Hamilton County has threatened to prosecute Larry and Jimmy Flynt on obscenity charges, but a survey or residents of that county indicates that it will be difficult for prosecutor Mike Allen to gain a conviction – 60 percent of Hamilton County residents believe the Hustler store in Cincinnati should be allowed to sell adult videos
The poll, which was jointly commissioned by the Cincinnati Enquirer and local television station WCPO, found that 62 percent believed in the legality selling explicit videos in general, and 61 percent believed that Hustler in particular should not be prosecuted for selling such videos.
The poll, conducted by SurveyUSA, also found that 69 percent favor some restrictions on what can be sold – though the survey does not state where the line for obscenity should be drawn.
It is not known what questions were asked throughout the poll or what the error margins for the poll are.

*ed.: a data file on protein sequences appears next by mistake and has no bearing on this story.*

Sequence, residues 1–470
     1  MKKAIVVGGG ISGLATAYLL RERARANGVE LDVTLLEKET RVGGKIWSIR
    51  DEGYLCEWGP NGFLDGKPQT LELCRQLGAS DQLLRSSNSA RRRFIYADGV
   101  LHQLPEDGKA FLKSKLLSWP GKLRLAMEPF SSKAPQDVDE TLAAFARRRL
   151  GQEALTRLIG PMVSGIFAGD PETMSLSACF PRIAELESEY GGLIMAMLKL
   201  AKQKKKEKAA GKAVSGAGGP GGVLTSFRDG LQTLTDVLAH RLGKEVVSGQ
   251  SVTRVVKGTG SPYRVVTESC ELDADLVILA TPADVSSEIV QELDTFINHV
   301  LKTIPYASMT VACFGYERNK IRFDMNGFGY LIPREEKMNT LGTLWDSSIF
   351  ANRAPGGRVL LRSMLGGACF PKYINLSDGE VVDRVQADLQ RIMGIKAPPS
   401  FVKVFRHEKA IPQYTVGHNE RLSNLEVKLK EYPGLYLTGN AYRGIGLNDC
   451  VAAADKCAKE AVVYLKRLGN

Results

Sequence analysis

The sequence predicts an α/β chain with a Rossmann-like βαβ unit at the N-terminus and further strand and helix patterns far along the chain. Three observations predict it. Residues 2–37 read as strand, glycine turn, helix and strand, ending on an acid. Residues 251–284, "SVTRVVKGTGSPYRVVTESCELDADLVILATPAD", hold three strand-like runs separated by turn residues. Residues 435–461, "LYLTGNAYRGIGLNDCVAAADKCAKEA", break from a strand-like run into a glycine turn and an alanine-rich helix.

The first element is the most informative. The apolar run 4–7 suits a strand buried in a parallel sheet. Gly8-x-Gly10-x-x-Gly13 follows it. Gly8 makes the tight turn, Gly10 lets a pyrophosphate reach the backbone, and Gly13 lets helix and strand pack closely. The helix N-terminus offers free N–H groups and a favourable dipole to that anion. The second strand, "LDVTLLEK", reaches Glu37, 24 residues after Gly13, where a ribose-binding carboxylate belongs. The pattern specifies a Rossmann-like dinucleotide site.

Obscenity cases often rest on the vague standard of “community standards,” so public opinion on the matter may reflect what a jury would decide in regards to an obscenity case.
"We think community standards have changed a great deal," Larry Flynt told the Enquirer, "I'd say we've come a long way."
Anti-pornography activists suggested that most of the 500 residents randomly polled by telephone were unfamiliar with the type of videos being sold at Hustler and that they may be thinking “sexually explicit “ means nudity.
"I think people don't realize the level of explicitness that the Hustler store is selling," said David Miller, vice president of the anti-pornography group Citizens for Community Values, told the Enquirer. "Larry Flynt is wrong when he says the First Amendment allows everything and anything."
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